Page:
FIG. 4 is a block diagram showing the structure of the computer 10. The computer 10 is formed by connecting a CPU 11 performing various types of operational processing, a ROM (read-only memory) 12 storing a basic program, a RAM (random-access memory) 13 storing various types of information and a magnetic disk 14 storing control software, data etc. to a bus line 19. An A-D converter 15 is also connected to the bus line 19. This A-D converter 15 is a circuit digitally converting the analog electric signal read from the CCD 25 by the CCD control circuit 27.

A display part 16 and an input part 17 are further electrically connected to the bus line 19. The display part 16, formed by a liquid crystal display or the like, for example, displays various types of information such as results of processing and recipe contents. The input part 17, formed by a keyboard and a mouse or the like, for example, accepts inputs of commands and parameters. An operator of the apparatus can input commands, parameters and the like from the input part 17 while confirming contents displayed on the display part 16. The display part 16 and the input part 17 may alternatively be integrated into a touch panel.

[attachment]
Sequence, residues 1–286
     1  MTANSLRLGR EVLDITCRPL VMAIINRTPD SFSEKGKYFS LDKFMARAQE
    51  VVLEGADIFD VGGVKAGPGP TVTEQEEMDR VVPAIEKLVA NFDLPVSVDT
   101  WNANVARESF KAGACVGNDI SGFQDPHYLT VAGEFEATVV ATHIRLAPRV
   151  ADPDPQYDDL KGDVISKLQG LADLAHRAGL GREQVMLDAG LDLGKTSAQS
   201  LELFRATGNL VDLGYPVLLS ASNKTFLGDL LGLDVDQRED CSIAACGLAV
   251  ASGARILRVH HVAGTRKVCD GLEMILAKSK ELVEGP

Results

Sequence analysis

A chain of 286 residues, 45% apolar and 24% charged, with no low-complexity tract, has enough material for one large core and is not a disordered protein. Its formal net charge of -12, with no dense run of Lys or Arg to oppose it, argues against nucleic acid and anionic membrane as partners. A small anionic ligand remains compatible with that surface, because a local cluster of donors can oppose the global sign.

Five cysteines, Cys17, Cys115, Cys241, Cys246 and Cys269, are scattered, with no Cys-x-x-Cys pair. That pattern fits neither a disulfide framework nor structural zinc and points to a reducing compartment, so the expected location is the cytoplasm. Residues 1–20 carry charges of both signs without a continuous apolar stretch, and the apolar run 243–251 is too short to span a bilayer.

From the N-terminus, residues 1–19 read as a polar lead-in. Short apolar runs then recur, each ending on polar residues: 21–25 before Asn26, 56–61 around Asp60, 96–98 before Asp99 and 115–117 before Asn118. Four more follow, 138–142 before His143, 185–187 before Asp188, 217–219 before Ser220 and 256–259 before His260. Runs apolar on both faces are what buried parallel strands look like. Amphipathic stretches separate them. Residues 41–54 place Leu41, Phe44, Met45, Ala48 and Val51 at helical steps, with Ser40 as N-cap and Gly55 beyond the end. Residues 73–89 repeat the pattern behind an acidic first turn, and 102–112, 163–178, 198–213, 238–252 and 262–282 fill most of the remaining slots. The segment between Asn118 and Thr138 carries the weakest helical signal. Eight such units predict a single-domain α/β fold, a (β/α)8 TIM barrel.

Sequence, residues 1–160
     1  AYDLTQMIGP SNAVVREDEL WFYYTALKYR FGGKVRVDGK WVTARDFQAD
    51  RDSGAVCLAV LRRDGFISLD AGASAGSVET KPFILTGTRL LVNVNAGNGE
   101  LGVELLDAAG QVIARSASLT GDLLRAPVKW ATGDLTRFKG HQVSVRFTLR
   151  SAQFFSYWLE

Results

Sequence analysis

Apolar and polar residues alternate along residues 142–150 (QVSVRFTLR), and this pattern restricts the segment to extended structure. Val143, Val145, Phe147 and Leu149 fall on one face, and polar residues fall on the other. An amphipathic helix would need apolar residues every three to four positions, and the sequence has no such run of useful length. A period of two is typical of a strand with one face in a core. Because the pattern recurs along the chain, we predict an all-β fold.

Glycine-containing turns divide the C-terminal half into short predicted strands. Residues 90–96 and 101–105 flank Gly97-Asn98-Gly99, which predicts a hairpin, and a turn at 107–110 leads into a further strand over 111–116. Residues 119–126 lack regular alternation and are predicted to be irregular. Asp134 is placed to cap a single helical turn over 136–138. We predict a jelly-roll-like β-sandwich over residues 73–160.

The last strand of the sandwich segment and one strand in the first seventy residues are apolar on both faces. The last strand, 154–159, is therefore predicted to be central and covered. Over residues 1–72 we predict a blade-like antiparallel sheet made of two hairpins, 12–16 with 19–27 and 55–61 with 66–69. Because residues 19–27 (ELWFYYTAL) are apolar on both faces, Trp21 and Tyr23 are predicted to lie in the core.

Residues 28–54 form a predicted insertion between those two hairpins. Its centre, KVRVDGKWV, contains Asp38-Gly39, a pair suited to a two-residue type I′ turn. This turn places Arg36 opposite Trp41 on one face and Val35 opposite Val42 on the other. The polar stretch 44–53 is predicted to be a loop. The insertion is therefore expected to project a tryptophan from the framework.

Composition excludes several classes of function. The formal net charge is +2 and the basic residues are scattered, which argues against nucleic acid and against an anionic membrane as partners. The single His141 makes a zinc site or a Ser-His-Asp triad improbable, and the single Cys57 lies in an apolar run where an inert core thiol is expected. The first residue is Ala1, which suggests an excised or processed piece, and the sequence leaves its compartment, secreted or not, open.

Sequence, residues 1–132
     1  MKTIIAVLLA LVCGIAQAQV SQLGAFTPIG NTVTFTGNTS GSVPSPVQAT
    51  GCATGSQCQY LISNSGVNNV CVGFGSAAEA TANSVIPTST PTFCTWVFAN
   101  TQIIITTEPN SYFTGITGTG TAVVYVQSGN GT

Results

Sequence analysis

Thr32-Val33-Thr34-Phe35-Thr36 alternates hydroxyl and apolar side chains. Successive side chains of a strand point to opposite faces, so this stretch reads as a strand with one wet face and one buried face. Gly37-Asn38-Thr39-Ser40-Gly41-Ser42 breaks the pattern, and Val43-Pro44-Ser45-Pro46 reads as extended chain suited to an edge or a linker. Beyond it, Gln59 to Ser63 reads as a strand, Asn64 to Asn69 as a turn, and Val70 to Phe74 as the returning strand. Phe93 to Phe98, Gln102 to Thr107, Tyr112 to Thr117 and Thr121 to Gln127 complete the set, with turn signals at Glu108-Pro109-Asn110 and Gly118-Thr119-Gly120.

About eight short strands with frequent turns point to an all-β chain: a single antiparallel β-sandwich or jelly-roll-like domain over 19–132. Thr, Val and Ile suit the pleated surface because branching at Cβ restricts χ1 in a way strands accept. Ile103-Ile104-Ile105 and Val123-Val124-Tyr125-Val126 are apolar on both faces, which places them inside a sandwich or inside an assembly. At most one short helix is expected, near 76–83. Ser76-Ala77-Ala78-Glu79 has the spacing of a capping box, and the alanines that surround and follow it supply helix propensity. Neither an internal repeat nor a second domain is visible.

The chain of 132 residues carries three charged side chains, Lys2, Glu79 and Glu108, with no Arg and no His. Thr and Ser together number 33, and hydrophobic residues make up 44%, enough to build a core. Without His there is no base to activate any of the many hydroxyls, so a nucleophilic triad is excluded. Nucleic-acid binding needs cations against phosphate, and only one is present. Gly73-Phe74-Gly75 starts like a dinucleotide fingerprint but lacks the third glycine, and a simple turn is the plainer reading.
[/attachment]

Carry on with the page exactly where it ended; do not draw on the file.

Due to the aforementioned structure, the thermal processing apparatus according to the first embodiment can guide the light emitted from the flash lamps 69 through the optical fiber members 20, measure the intensity of the light with the CCD 25 and analyze the obtained results of measurement with the computer 10.

Operations of the thermal processing apparatus having the aforementioned structure for thermally processing the semiconductor wafer W are now described. The semiconductor wafer W processed by the thermal processing apparatus is an ion-implanted semiconductor wafer.